Over the last couple years I’ve been experimenting with different systems for setting and achieving goals. During that time I’ve hit some walls and changed my mind more than once. Here’s a summary of my current thinking:
- setting a single goal that ties in closely to your life purpose is more effective than setting many small goals
- it can be helpful to set up parameters around a goal to help achieve it (a target date, a reward, consequences for not reaching the goal by the target date)
- the system that you set up to work towards your goal is probably more important than the goal itself, in the long-term (goal-setting is not required for progress, success, or happiness)
One area that I haven’t discussed in detail is that motivational value of the goal itself. Several times, I have selected a goal that seemed to align with my life purpose, but then found myself swimming upstream when it came to taking action. The parameters I set around the goal (target date, reward) had no effect, because my core motivation was lacking.
If the goal itself doesn’t energize you, no trappings applied around the edges are going to light the fires of your motivational engine. Goal-setting doesn’t work as a hammer to pound yourself into something that you’re not. At the best, goal-setting adds structure to something you already want to do.
Steve Pavlina has a good post on this subject. I don’t agree with everything in the article, but Steve makes an excellent point in that the point of goal-setting is not to control the future. The point of goal-setting is to energize you in the present moment.
Energizing and Actionable
Steve’s post references SMART goals (a concept made popular by Peter Drucker), which stands for specific, measurable, attainable, relevant and time-bound (Steve is not in favor of the SMART system). I think the SMART criteria are reasonable in the context of employee management (Drucker’s field), but they make less sense for individuals trying to “level up” in a particular life area.
My own criteria for goal-setting are that a goal should be:
- Energizing (providing motivation rather than requiring it)
- Actionable (the goal is such that you can immediately plan and take actions in pursuit of the goal, including setting up a task system and schedule that will in all likelihood lead to reaching your goal, as long as you do the work)
The goals I end up choosing for myself usually end up being SMART goals as well, but for me the SMART acronym isn’t that helpful. It misses the most important thing (that a goal should be energizing, providing motivation), and five criteria are just too many too remember (even with the help of the acronym).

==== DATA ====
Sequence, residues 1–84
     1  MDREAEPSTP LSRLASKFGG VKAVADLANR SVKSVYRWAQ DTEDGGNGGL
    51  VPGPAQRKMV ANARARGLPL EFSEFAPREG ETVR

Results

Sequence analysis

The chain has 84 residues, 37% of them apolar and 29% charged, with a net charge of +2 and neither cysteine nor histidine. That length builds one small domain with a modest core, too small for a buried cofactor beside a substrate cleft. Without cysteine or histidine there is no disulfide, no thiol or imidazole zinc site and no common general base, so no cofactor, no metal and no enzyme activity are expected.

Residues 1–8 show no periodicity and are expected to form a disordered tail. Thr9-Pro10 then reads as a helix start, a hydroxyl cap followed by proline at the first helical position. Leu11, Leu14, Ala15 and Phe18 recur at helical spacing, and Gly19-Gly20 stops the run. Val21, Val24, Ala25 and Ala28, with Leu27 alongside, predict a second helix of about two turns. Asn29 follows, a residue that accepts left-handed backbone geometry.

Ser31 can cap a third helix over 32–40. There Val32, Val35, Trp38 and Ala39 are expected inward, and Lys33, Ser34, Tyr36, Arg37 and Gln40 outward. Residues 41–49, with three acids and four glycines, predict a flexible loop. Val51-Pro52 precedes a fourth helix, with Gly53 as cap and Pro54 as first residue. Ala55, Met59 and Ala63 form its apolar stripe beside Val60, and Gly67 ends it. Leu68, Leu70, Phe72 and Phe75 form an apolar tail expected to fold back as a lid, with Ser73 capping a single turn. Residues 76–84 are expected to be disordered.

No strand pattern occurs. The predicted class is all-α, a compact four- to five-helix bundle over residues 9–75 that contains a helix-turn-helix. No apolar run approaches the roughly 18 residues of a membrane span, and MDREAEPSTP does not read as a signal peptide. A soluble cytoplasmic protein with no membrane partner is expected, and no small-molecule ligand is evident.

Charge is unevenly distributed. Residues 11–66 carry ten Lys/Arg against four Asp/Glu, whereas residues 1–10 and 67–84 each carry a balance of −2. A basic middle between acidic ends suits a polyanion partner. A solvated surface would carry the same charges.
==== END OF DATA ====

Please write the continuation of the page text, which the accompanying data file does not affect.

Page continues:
“Today You” vs. “Tomorrow You”
The human brain is comprised of layers, with each layer relating to a different set of functionality. The inner layers are more primitive, and provide motivation and capability to eat, hunt, defend ourselves, claim territory, procreate, and otherwise pursue our reptilian and mammalian prerogatives.
The outermost and most recently evolved layer, the neocortex, enables conscious thought and the ability to understand and visualize time outside of the present moment.
Sometimes human motivation becomes a battle between primitive instincts to sleep, eat, and rest vs. more abstract/cerebral motivations (prepare for the future, work on a project that may offer long-term benefits, etc.). This schism could be considered “today you” (that part of you that is interested in immediate sensory satisfaction) vs. “tomorrow you” (the part of you that considers future consequences of present actions).
Goal-setting tilts the scales in favor the neocortex (“tomorrow you”). This doesn’t necessitate total self-denial. “Today you” can be easily satisfied with good food, adequate rest, time with friends and family, and other animal pleasures. Life occurs in the present, so it doesn’t make sense to endlessly defer gratification. But goal-setting can provide a line of defense: a minimum level of effort dedicated to improving circumstances over time (even if it means minor, occasional discomfort in the present).
Motivation and Brain Health
If your life is devoid of excitement and nothing excites you, you are probably depressed. When I experience a lack of ambition and motivation it’s a red flag for me that my dopaminergic system is out of whack, and that I need to take immediate steps to increase BDNF, encourage neurogenesis, and resensitize dopamine receptors. My basic strategy in this case is to become more paleo (eat less sugar and starch, decrease artificial light and go to bed earlier, exercise more intensely, spend more time with friends and family, and reduce screen time). On top of this I eat more curry and oily fish (turmeric and DHA both increase BDNF, increase neurogenesis, and improve brain health). When I take these steps I generally notice a marked improvement in attitude and motivation within a week (and sometimes just after a day or two).
My own goals continue to center around fiction writing. Though sometimes I feel (as a 44-year-old trying to start a career as a novelist) like I’m tilting at windmills, I recently completed a 2nd draft of novel that I’m reasonably pleased with, and I’m working towards what might eventually become a novel-writing system.
Good luck with your own goals, and Happy New Year!